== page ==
2.10 Conversion of Facility. The Borrower acknowledges that the Lender, in its sole discretion, has the option at any time following the one year anniversary of the first Advance, to convert the amount of the Facility outstanding to ordinary shares of the Borrower at a conversion rate of RandO.80 (eighty cents) per ordinary share, subject to the approval of the shareholders of the Borrower. In the event that the approval of the shareholders of the Borrower has not been obtained within a reasonable period of time, the Lender shall be entitled to a 1.0% net smelter royalty on gold produced from the Borrower's Northwest assets (all properties held by the Borrower through Buffelsfontein Gold Mines Limited, listed in Schedule "B", will be subject to a net smelter royalty in favour of the Lender with the royalty being calculated on the revenue of those properties), which is in addition to the net smelter royalty referred to in Section 2.9, with such additional royalty to be payable in perpetuity.Although I am not an expert in law I would interpret the loan conversion in the same way that Simmers & Jack Ltd did. Consequently, in my analysis I would henceforth write-off the value of this loan on AAB's balance sheet. We shall find out how the courts in S. Africa will rule on this matter by late November, 2010.
Conflict of Interest Example
Although it is clearly disclosed that the potential for conflicts of interests exist between F&M, AAB and their subsidiary investments through cross-directorships, cross-management, cross-dealings and such, one should monitor these deals to make sure that none of them are being excessively exploited to the detriment of shareholders. One could argue that the fees that Mr. Stan Bharti is pulling from each of these investment subsidiaries is excessive or one could say that they are compensation for consulting services that F&M is performing. It is hard to say without knowing explicitly what the services are so I will leave that as an open question. However, I did find another clearer example of a conflict of interest within the filing of Dacha Capital (TSX: DAC).
During the fiscal year ended March 30, 2010, Dacha entered into an agreement to loan Forbes & Manhattan Asset Management Corporation (“FAMCo”) up to $3,500,000. FAMCo is an asset management company with a business plan to identify and acquire other Canadian asset managers which FAMCo assesses as undervalued. A director of Dacha is also a director of FAMCo. As at March 31, 2010, the Company had advanced $2,937,493 to FAMCo. The amount outstanding was originally due and payable on April 30, 2010 and has been secured against assets held by FAMCo under a secured debenture loan agreement. Interest on amounts outstanding under the debenture accrue at a rate of 12% per annum, payable on maturity. Dacha has the option, exercisable at any time, to convert the principal amount outstanding under the debenture into 33% of the outstanding equity of FAMCo as at the time of conversion.Considering that the sole purpose of Dacha Capital is to invest in rare-earth-metals and hold them as inventory, why are they loaning their precious money to FAMCo in the first place. And furthermore, why would they lend to a company that "does not have sufficient assets" nor "operating cash flow" to even service the interest payments on the debenture? This deal this is a clear example of how Stan Bharti and F&M are using their position at Dacha to further their own interests at the expense of Dacha shareholders. Unfortunate but true.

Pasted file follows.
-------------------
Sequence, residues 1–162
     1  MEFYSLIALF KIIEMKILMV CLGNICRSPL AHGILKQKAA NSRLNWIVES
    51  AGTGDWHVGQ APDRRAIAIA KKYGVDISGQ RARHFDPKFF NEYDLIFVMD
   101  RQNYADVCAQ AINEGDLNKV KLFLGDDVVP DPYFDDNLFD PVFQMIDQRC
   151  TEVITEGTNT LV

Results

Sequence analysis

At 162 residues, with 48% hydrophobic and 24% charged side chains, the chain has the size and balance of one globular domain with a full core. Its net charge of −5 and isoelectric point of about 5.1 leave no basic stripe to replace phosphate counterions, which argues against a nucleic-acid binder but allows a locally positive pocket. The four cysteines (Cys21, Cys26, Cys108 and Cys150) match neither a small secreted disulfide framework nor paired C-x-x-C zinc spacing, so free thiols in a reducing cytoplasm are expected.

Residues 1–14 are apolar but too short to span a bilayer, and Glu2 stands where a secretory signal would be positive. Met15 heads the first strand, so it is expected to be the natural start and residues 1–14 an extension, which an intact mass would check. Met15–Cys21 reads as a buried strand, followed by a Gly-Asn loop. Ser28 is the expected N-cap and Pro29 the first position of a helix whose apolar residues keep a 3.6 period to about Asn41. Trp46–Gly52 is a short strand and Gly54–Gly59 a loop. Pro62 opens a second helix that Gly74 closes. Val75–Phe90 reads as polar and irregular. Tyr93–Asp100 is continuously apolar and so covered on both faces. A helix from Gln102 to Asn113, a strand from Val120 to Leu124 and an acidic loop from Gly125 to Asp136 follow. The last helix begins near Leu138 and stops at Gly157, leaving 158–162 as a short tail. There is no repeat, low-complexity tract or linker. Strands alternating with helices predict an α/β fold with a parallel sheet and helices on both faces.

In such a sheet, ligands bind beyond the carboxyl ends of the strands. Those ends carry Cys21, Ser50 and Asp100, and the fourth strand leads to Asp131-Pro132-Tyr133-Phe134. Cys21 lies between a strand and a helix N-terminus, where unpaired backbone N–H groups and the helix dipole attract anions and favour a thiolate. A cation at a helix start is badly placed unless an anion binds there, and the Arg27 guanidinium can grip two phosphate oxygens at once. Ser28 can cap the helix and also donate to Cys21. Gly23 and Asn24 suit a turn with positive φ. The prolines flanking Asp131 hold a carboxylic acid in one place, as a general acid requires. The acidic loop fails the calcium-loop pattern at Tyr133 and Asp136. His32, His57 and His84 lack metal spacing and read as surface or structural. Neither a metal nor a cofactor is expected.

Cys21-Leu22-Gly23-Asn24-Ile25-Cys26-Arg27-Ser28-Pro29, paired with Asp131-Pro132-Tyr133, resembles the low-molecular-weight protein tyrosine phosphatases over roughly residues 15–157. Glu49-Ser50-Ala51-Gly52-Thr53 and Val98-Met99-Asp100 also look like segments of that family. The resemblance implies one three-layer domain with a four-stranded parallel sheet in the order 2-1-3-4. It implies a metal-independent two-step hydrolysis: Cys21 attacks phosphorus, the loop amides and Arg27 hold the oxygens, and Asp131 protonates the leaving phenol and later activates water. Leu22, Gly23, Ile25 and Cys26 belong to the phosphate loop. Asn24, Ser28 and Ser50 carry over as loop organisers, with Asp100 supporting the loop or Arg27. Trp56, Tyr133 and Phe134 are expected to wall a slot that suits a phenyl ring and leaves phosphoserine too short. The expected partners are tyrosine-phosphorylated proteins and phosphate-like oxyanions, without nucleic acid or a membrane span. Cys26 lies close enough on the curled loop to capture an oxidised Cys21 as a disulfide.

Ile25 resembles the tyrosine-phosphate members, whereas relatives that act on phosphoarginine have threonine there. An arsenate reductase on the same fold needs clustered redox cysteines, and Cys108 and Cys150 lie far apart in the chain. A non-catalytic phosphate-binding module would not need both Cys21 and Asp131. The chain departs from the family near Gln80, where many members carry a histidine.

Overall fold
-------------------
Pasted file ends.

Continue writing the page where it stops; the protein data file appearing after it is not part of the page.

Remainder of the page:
During the first quarter ended June 30, 2010, the Company extended the maturity date on the loan outstanding to FAMCo to April 30, 2011 and advanced an additional $52,500 under the facility. At June 30, 2010, the principal outstanding, with the additional advance of $52,500, totalled $2,989,993 and accrued interest totalled $165,836. The Company has agreed to advance an additional amount up to $310,000.
FAMCo currently does not have sufficient assets to repay the secured debenture and has no operating cash flow to service the interest payments. The payment of interest on the secured debenture and the repayment of the principal are dependent on FAMCo’s successful implementation of its business plan.
Despite these shortcomings, I would still see AAB as an attractive investment considering the large discount to NAV that it currently has. However, as that discount diminishes, so will my interest in AAB.